Fraser fir at all four extant spider occurrences have suffered extensive mortality, believed to be primarily due to infestation by the balsam wooly adelgid (Adelges piceae ), an alien insect pest believed to have been introduced around 1900 into the United States from Europe. The adelgid was first detected in North Carolina on Mount Mitchell in 1957, although it was likely established at that site as early as 1940, and from Mount Mitchell it spread to Fraser fir communities throughout the southern Appalachians. Most mature Fraser fir are easily killed by the adelgid, with death occurring within two to seven years of the initial infestation.

While the loss of the Fraser fir appears to be the most significant threat to the remaining spruce-fir moss spider populations, the combined effects of several other factors seem to be highly taxing to its forest habitats and have contributed to the decline of the high-elevation spruce-fir forest stands. In 1988 it was estimated that trees 45-85 years of age at the summit of Mount Mitchell, the site in Yancy County where the species appears to be extirpated, showed an average defoliation of 75%-90%, and that all the trees exhibited some form of growth reduction. He hypothesized that atmospheric pollution was a possible factor in the decline. Regional scale air pollution in combination with other stress factors is believed to have played a significant role in the deterioration of the health of high-elevation red spruce in the East. The past land-use history in the southern Appalachians, especially former logging and burning practices, may well have contributed to present spider-site deteriorations. Winter tree injury has also been identified as a possible contributing factor to these declines. The death and thinning of the canopy trees within these stands also cause the remaining trees to be more susceptible to wind and related storm damage, which has become a major concern at the site in Sevier County, Tennessee.

The spruce-fir forest at the Avery County/Caldwell County location has not experienced the degree of decline that has occurred and is still occurring at the other sites known to support or to have supported populations of the spider. This habitat and spider occurrence is, nonetheless, also threatened by the same factors that are believed to have resulted in the decline of the spruce-fir forest and the associated loss of suitable moss-mat habitat at these other locations.

The spruce-fir moss spider is not currently known to be commercially valuable; however, because of its extreme rarity and uniqueness, it is conceivable that it could be sought by collectors. This spider is one of only two members of the genus Microhexura, is the only representative of the primitive family Dipluridae in eastern North America, and is one of the smallest of the world's "tarantulas." While collecting or other intentional take is not presently identified as a factor contributing to the decline of this species, the low numbers, slow reproductive rate, and extremely restricted range of the spruce-fir moss spider make it unlikely that the species could withstand even moderate collecting pressure.

It is presently unknown whether disease and predation have played roles in the decline of the spruce-fir moss spider, and further research is much needed in this area. While predation is not thought to be a significant threat to a healthy population of the spruce-fir moss spider, it could limit the recovery of the species or contribute to the local extirpation of populations already depleted by other factors. Possible predators of the spruce-fir moss spider include pseudoscorpions, centipedes, and other spiders.

In summary, the spruce-fir moss spider has been greatly reduced in number throughout its historic range; survives in only four locations, two of which have only one individual each; and has only one occurrence that might be described as currently stable, although this population is also threatened by many of the same factors that are believed to have resulted in the extirpation or decline of the other historically known populations. The four remaining populations are geographically isolated from one another, and three of them are so small as to have very little genetic variability left. All these circumstances make the spruce fir-moss spider endangered.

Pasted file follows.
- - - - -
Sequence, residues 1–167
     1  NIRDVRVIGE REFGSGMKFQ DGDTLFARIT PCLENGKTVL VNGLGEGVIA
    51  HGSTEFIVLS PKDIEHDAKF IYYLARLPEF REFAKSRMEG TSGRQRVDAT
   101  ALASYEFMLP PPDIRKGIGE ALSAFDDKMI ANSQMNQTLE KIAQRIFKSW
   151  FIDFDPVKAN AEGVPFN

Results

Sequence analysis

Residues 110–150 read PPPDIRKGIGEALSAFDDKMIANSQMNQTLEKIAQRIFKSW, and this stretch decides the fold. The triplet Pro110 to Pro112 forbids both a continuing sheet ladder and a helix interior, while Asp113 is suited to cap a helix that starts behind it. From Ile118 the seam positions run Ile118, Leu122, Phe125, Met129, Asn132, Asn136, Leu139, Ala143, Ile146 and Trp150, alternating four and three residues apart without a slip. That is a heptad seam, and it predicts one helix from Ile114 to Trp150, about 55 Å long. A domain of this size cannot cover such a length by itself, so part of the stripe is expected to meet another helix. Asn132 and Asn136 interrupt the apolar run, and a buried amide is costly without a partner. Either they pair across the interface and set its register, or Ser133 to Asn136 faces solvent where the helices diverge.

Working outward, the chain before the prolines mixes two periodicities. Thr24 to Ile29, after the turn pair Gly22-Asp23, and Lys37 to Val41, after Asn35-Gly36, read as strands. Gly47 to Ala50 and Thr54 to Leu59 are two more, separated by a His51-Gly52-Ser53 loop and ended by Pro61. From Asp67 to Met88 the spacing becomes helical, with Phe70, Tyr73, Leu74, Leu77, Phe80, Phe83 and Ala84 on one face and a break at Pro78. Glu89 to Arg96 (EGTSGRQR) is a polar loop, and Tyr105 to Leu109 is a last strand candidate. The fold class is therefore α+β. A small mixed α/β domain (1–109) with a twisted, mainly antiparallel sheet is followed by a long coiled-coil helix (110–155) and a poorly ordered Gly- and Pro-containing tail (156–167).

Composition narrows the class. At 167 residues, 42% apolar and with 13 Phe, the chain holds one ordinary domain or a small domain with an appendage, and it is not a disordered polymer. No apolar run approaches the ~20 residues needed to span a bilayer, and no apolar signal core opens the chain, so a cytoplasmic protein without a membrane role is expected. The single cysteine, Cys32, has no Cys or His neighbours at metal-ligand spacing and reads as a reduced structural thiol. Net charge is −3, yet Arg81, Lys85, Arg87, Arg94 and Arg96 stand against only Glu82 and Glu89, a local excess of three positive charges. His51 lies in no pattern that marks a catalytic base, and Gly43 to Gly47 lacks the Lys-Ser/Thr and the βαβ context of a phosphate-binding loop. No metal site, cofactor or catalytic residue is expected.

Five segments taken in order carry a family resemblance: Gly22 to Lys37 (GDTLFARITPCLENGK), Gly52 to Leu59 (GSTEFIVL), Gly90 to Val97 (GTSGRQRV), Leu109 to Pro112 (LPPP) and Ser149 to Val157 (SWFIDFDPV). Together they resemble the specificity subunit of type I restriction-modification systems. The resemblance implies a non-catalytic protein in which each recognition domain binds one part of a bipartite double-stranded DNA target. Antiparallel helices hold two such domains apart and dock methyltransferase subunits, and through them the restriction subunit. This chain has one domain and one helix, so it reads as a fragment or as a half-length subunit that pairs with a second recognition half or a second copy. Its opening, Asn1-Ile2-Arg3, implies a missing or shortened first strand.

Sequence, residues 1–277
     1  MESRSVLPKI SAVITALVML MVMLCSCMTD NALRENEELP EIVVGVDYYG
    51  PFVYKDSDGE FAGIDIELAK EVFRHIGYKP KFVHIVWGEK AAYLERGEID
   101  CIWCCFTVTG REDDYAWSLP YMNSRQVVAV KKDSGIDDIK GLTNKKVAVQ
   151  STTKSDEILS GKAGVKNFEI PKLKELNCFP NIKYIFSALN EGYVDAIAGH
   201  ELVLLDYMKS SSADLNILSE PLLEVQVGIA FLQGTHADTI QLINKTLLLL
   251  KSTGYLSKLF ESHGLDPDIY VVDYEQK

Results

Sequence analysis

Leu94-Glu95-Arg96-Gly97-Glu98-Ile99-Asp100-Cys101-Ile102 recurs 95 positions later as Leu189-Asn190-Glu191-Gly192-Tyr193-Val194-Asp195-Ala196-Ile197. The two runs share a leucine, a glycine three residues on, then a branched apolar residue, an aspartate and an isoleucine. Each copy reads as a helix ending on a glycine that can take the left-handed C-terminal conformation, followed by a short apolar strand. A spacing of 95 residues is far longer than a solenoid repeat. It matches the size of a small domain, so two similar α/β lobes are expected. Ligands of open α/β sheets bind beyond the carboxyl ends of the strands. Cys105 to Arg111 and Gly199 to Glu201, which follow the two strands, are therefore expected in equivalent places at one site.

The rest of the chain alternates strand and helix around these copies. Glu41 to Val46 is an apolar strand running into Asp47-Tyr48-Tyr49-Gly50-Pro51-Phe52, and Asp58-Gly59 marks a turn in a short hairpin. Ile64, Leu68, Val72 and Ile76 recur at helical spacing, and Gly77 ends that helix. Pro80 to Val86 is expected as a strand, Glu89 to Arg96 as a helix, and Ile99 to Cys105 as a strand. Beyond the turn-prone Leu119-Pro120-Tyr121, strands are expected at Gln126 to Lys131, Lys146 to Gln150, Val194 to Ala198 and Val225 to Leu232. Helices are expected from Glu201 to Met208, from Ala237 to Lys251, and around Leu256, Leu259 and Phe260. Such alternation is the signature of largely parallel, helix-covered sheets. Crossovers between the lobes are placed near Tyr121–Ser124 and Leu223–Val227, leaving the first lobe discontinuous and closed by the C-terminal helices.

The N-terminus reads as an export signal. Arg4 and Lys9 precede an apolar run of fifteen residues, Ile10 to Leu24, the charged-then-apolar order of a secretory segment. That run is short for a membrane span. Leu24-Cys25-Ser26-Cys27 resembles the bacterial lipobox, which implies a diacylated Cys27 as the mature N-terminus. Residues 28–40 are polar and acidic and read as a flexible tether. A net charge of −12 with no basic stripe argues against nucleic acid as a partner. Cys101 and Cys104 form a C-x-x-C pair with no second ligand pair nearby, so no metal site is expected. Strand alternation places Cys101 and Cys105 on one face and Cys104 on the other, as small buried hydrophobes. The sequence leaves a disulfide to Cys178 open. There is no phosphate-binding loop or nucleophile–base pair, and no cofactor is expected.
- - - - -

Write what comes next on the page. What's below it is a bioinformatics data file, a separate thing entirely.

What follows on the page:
Conservation and Recovery

The U.S. Fish and Wildlife Service (FWS) believes that a detailed characterization of the spruce-fir moss spider's habitat, better knowledge of threats to this habitat, and additional information concerning its biology will be necessary in order to properly manage and implement protection and recovery measures. These, as well as other research needs and activities necessary to ensure the long-term survival of the species, will be addressed by the FWS in the development and implementation of a recovery plan for the spruce-fir moss spider.


U.S. Fish and Wildlife Service
Regional Office, Division of Endangered Species
1875 Century Blvd., Suite 200 Atlanta, Georgia 30345

U.S. Fish and Wildlife Service
Asheville Field Office
330 Ridgefield Court Asheville, North Carolina 28806
(704) 665-1195 ext. 225


Coyle, F. A. 1985. Observations on the Mating Behavior of the Tiny Mygalomorph Spider, Micro-hexura montivaga Crosby & Bishop (Araneae, Dipluridae). Bulletin. British Arachnological Society 6 (8): 328-330.

Eagar, C. 1984. "Review of the Biology and Ecology of the Balsam Woolly Aphid in Southern Appalachian Spruce-fir Forests." In: P. S. White (ed.), The Southern Appalachian Spruce-fir Ecosystem: Its Biology and Threats. Research/Resources Management Report SER-71. U.S. Dept. of Interior, National Park Service.

Harp, J. M. 1991. "Status of the Spruce-fir Moss Spider, Microhexura montivaga Crosby and Bishop, in the Great Smoky Mountains National Park." Unpubl. report to the National Park Service, U.S. Department of the Interior. 12 pp. plus appendix.

Harp, J. M. 1992. "A Status Survey of the Spruce-firMoss Spider, Microhexura montivaga Crosby and Bishop (Araneae, Dipluridae)." Unpubl. report to the North Carolina Wildlife Resources Commission, Nongame and Endangered Wildlife Program, and the U.S. Fish and Wildlife Service, Asheville, North Carolina. 30 pp.

U.S. Fish and Wildlife Service. February 6, 1995. "Spruce-Fir Moss Spider Determined To Be Endangered." Federal Register 60 (24): 6968-6974.